Lilia Perera and her husband own Agua Pura Vida, a store that sells water and gifts across the street from the site of the future Walmart. The couple worries that they won't be able to compete with Walmart's low prices.
This story is part of a series on the disruptions to local small businesses expected in the community of Altadena when a new Walmart Neighborhood Market opens next year. To read the rest of the series, check out the links at the end of this story.
Williams Perera gazed out at Lincoln Avenue, counting off the numerous businesses he thinks will close when the new Walmart Neighborhood Market opens.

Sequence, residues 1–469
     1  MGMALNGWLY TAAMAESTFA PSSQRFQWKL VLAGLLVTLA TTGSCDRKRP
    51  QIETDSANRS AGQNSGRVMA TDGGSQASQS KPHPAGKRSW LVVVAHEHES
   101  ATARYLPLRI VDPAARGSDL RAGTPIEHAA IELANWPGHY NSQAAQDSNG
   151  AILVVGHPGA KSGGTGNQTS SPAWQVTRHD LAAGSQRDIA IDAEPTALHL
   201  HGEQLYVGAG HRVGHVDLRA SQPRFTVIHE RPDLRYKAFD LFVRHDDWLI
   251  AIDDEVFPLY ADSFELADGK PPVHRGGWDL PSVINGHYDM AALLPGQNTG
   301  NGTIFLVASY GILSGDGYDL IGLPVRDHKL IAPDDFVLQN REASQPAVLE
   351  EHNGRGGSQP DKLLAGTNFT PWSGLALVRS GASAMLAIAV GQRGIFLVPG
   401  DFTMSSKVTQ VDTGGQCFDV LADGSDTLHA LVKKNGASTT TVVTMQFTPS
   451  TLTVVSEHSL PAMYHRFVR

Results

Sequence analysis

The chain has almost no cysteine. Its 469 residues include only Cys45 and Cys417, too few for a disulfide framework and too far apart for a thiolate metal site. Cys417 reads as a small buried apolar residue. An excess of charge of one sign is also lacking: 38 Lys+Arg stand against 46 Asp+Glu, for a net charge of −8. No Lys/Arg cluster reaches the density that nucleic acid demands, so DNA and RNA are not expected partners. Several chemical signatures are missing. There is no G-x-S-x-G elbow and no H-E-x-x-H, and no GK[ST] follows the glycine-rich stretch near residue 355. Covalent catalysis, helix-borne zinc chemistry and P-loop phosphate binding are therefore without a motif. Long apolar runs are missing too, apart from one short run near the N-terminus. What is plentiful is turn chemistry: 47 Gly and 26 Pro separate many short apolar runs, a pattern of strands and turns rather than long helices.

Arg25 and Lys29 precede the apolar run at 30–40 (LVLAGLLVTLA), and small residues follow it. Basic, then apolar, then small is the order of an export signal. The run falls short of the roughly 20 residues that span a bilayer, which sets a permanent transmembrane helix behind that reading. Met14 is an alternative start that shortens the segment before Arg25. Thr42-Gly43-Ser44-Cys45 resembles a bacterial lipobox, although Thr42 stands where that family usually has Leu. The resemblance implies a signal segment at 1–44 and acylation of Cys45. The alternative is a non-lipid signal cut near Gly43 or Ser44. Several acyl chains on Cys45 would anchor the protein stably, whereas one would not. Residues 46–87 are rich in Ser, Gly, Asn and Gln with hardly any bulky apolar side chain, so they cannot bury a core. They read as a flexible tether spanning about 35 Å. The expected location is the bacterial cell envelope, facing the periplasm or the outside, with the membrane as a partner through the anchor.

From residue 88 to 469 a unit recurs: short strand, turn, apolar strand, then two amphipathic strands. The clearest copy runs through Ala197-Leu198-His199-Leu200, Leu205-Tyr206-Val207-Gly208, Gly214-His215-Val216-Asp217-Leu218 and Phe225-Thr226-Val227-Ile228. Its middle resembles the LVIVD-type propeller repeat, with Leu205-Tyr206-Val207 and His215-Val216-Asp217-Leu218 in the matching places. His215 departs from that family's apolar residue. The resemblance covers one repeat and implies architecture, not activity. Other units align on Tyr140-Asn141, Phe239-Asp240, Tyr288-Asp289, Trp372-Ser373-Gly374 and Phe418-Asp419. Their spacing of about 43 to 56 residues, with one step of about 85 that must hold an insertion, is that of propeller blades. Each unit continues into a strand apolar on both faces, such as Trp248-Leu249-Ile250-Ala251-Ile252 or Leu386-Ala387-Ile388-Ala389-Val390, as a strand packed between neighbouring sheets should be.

The failure list includes his own store, Agua Pura Vida, which he and his wife opened five years ago.
Perera, 71, spent his life doing bodywork on cars and wanted to do something else after he retired. So he saved up every dollar he earned to invest in opening a store that would sell jugs of water, piñatas and sodas nearby his Altadena home.
“I spent my money here for survival,” Perera said.
Now he’s afraid that Walmart will squash the life out of his business. Perera said even though Walmart will bring some jobs—65 to be exact—the retailer could put him and his wife out of work.
The new Walmart will sell fresh produce, meat and household supplies. Perera said his store can’t compete with Walmart’s low prices.
“I sell sodas. I sell ice. Walmart sells everything,” Perera lamented. “My business, maybe pretty soon I might need to close because (Walmart) might kill me.”